Concerning hemodynamic values, an increase in MAP and DAP in the SF group and resting bradycardia in the trained animals were observed, as expected. Resting bradycardia has been used as a marker of cardiovascular exercise training effectiveness. These findings may be associated with the improvement in cardiac autonomic modulation observed in TF animals when compared to SF animals. Additionally, we hypothesized that changes in cardiac pacemaker, as noted earlier in adult male rats [40] or old trained rats [17], or even changes in the autonomic control of heart rate (vagal and sympathetic tone), might be involved in the bradycardia observed in the TC group, since there were no differences between SC and TC groups in cardiac modulation in both time and frequency domain.

The increase in AP after chronic consumption of fructose in rodents has often been reported [8, 21, 36]. Giacchetti et al. [45] associated hypertension induced by fructose overload with increased expression of AT1a receptors in rats. Shinozaki et al. [46] demonstrated increased expression of angiotensin AT1 receptor and the angiotensin II pressor response in rats fed with a fructose-rich diet. Furthermore, there is evidence to support the role of a sympathetic nervous system fructose-induced hypertension. Verma et al. [47] showed that sympathectomy attenuated the elevation of AP in rats treated with fructose. Urinary excretion of catecholamine and adrenergic receptor expression were increased in animals treated with a fructose-rich diet [48]. Studies by our group observed increased AP, together with autonomic dysfunction, in male rats and mice treated with fructose, as well as in healthy females or hypertensive ovariectomized rats undergoing chronic consumption of fructose [6, 7, 8, 35, 37, 45].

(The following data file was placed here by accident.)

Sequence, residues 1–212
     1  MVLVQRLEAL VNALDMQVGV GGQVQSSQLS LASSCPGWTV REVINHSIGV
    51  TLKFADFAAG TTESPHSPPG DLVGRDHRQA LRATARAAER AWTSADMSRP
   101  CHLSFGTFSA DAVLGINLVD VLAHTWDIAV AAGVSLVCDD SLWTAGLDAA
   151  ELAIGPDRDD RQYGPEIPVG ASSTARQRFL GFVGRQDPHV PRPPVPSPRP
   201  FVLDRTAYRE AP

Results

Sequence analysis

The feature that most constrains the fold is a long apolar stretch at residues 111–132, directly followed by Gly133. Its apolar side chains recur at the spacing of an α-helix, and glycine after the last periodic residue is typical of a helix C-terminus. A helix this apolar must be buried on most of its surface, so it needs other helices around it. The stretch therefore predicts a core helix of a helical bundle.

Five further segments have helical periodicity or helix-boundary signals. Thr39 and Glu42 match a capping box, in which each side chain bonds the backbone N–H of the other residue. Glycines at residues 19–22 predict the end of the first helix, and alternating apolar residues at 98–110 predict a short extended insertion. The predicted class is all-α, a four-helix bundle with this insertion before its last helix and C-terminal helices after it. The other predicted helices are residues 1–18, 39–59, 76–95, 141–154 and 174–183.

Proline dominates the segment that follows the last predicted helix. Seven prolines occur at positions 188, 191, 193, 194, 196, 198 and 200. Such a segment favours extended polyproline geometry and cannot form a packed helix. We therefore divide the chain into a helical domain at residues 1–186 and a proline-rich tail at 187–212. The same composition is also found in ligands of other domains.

These findings were associated with vascular and cardiac autonomic dysfunction. Indeed, in the present study we observed an increase in sympathetic-vagal balance (LF / HF) as well as in vascular sympathetic modulation, as demonstrated by the different indexes evaluated by the variation in SAP; however, we did not find any difference in spontaneous baroreflex sensitivity in sedentary animals chronically treated with fructose. As such, our results point to an important sympathetic activation in cardiac and vascular tissues in animals treated with fructose, thus corroborating the other investigations above mentioned.

An important finding of this study was the normalization of MAP in the trained fructose group, which was accompanied by the normalization of the changes in the HR and SAP variability. In fact, this finding suggests that hemodynamic and autonomic dysfunctions in post-weaning rats treated with fructose and evaluated at a young age may be attenuated by moderate physical training when compared with those kept sedentary. These results are consistent with the findings previously published by our group for adult male rats [34, 39] and hypertensive ovariectomized female rats [35]. In this regard, it is notable that changes in the SAP variability have been related to lesions in target organs and worse prognosis [49].